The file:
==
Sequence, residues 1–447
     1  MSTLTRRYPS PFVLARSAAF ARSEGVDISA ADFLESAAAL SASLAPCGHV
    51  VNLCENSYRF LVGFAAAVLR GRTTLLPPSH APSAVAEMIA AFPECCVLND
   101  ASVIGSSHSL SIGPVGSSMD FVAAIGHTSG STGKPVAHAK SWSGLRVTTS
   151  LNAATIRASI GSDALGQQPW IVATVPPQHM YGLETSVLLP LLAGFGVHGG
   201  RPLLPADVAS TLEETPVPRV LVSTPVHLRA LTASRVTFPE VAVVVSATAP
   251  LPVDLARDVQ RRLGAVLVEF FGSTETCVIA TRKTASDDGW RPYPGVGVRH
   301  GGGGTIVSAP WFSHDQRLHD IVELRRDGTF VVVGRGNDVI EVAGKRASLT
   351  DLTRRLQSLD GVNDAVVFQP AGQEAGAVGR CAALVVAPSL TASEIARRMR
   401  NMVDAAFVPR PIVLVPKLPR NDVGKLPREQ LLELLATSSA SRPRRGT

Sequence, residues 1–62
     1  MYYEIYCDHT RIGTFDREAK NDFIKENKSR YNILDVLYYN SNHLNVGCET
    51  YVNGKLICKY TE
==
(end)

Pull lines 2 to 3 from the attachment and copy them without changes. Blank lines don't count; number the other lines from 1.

     1  MSTLTRRYPS PFVLARSAAF ARSEGVDISA ADFLESAAAL SASLAPCGHV
    51  VNLCENSYRF LVGFAAAVLR GRTTLLPPSH APSAVAEMIA AFPECCVLND